WASF3 disrupts mitochondrial respiration and may mediate exercise intolerance in myalgic encephalomyelitis/chronic fatigue syndrome, 2023 Hwang et al

Discussion in 'ME/CFS research' started by Hoopoe, Jul 1, 2022.

  1. leokitten

    leokitten Senior Member (Voting Rights)

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    Sorry if I could ask here since I missed so many posts, are there any ideas as to why in some of our cells there is ER stress and the UPR can’t bring things back to normal? Why is that and what caused the ER stress to begin with?
     
  2. SNT Gatchaman

    SNT Gatchaman Senior Member (Voting Rights)

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    I'm not sure any good ideas have been developed yet. I'm wondering about abnormal lipid handling or hypoxia and I noted here that in Covid, one of the ER stress sensors (GRP78/BiP) binds to spike protein. Perhaps a mitochondria to ER stress response may become pathological after initial mitochondrial impairment and form an uncontrolled positive feedback.

    I've posted some possibly relevant papers with summaries under the er-stress tag.
     
    Last edited: Sep 19, 2023
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  3. Dakota15

    Dakota15 Senior Member (Voting Rights)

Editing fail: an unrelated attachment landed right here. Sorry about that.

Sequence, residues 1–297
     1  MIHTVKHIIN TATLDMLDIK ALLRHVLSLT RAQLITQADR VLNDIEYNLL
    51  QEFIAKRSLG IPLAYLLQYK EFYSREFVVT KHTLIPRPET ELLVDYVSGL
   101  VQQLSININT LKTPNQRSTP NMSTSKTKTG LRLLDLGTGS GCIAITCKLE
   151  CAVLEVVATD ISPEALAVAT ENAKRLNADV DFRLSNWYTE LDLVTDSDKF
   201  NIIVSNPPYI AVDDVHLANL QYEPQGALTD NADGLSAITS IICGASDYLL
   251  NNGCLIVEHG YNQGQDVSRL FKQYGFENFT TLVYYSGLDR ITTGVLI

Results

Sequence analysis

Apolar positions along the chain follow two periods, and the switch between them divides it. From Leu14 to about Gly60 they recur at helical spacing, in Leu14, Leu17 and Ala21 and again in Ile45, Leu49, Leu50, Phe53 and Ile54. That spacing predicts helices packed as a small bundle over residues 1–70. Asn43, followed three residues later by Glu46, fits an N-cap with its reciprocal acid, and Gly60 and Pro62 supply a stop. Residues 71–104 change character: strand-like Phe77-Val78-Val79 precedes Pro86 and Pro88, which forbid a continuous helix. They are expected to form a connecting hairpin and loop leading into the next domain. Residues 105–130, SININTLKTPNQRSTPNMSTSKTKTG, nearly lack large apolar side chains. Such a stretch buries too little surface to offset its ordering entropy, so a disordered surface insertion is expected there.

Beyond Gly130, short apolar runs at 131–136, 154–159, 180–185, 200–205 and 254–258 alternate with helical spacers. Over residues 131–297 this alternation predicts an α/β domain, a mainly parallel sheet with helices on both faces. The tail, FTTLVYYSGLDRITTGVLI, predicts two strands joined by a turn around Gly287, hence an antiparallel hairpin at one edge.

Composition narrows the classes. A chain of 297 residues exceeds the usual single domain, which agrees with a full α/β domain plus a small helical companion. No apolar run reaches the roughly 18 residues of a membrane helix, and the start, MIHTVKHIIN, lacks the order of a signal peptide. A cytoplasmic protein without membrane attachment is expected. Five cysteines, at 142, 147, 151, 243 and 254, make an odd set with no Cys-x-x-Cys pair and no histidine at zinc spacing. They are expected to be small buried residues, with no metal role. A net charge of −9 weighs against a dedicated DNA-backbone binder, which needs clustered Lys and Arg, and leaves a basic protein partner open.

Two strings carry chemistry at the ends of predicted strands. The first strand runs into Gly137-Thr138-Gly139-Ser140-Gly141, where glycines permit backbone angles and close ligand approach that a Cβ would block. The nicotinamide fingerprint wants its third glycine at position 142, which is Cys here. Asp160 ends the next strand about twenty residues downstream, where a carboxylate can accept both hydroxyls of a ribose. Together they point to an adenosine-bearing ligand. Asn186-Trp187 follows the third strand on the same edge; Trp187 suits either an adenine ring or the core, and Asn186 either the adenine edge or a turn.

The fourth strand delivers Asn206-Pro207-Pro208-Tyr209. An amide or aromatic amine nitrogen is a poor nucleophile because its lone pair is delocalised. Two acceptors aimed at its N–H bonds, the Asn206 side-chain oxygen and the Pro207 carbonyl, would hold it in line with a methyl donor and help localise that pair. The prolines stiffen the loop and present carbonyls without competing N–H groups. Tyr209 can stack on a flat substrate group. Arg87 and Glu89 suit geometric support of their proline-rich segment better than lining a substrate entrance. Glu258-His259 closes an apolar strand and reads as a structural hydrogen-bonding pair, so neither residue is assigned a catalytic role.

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    Quickly leaving the template here, if others desire to send to NHLBI Director as well:

    Message Template:

    To: NHLBIinfo@nhlbi.nih.gov; gibbonsgh@mail.nih.gov

    Subject: Please support ME/CFS research conducted by Dr. Paul Hwang

    Dear Dr. Gary Gibbons,

    I am writing to you in your capacity as director of the National Heart, Lung and Blood Institute (NHLBI). I read about Dr. Paul Hwang's potential breakthrough on WASF3 in ME/CFS, and his desire to run a drug trial, via The Washington Post, "She wrote to a scientist about her fatigue. It inspired a breakthrough."

    Most exciting, Dr. Hwang now wants to conduct a drug trial.

    My urgent request is that you please expedite your efforts to fund his lab — and specifically this trial.

    The lack of research into ME/CFS over the decades has likely contributed to the current lack of treatments for Long COVID, as ME/CFS and Long COVID are quite similar or perhaps the same illness. For those who have been suffering from pre-COVID ME/CFS for decades without hope and for those suffering from Long COVID for going on four years, please make up for the decades of disbelief and neglect and deliver us the help that we have been denied for so long.

    Thank you,

    xxxxxxxxx'
     
  4. B_V

    B_V Established Member (Voting Rights)

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    Just noting here that the Independent (UK) picked up the story (they just rewrote mine, haha). So it's getting some attention in the UK too, which is good. Also, Francis Collins wrote to me this morning to say he read the article & liked it. He's retired, or I guess semi-retired (still has a lab...I don't know what he does there). So he's still paying attention I guess.

    https://www.independent.co.uk/stude...ast-cancer-long-covid-research-b2414180.html#
     
  5. rvallee

    rvallee Senior Member (Voting Rights)